Skull (1965)
Directed by Freddie Francis

Starring Christopher Lee Michael Gough Nigel Green Patrick Magee Peter Cushing

Long unavailable in any video format, Freddie Francis' full-length movie for Amicus (the studio known for its anthology horror films, like "Tales From the Crypt" and "Asylum") only saw one release on VHS: a poor-looking edition recorded in the "EP" mode, with the worst possible sound and video quality.

In 2008, Legend Films finally made the film available in a widescreen anamorphic format for the first time, putting a lot of EBay bootleggers out of business in the process. The movie has long been sought after, and the Legend release looks great.

As for the movie, it's not the best Amicus film of all time, but it does some good, cheezy scares. And any film that features both Peter Cushing and Christopher Lee in the cast should be worth a watch to any self-respecting horror fan.

The film opens with 19th century graverobbers led by a phrenologist (Maurice Good) digging up the body of the Marquis de Sade, apparently with the noble goal of discovering whether the shape of the skull can indicate the causes of the legendary Frenchman's sadistic madness. After bathing the skull in acid, the phrenologist is horribly murdered. As the skull passes from hand to hand over the years, a similar fate confronts everyone who possesses it, until it finally winds up with a collector (Peter Cushing) in 1965 England.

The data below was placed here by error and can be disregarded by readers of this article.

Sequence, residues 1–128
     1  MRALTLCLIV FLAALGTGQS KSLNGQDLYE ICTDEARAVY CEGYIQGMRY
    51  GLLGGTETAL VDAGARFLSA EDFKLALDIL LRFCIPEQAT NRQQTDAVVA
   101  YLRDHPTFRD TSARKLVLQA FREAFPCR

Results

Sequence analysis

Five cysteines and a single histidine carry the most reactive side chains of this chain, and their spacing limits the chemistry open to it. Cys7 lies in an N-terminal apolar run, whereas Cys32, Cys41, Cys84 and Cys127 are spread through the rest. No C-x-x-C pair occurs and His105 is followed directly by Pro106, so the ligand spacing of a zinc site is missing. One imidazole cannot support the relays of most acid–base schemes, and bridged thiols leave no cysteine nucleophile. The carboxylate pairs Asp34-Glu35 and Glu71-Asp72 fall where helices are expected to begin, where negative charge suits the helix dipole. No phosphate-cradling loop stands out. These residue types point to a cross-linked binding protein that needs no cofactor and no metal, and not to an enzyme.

Cushing has plenty of screen time in this film as the collector tormented with the idea of purchasing (and later stealing) the skull from a shady dealer who offers it to him (Patrick Wymark). When he attempts to confirm the skull's authenticity with a friend and fellow collector (Christopher Lee), he's assured it's genuine as Lee used to own the skull before it was stolen from him. Lee's character, given less screen time, tells stories of otherworldly satan worshipers that use the skull in their rituals.

Needless to say, Cushing's character starts going mad as he becomes obsessed with the skull. In a climax, the skull levitates (with the strings that support it fully visible to DVD viewers) while Cushing goes nuts and nearly kills his wife. The best scene in the film, however, is a dream sequence where Cushing believes he's been arrested only to be put before a judge that forces him to play a game of Russian roulette.

While the film drags in parts and can't be counted as a classic, it's a rock solid Amicus production and a must-see for fans of that studio's work. Director Francis, of course, helmed some of Amicus' finest films, including "Tales From the Crypt" and "Dr. Terror's House of Horrors." Francis, also remembered as an excellent cinematographer ("The Elephant Man," "Dune", "The Innocents"), died March 17, 2007.

This film isn't posted yet on Amazon but it will be made available on Legend Films official site April 1. Click here to order it.

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-- Review by Lucius Gore

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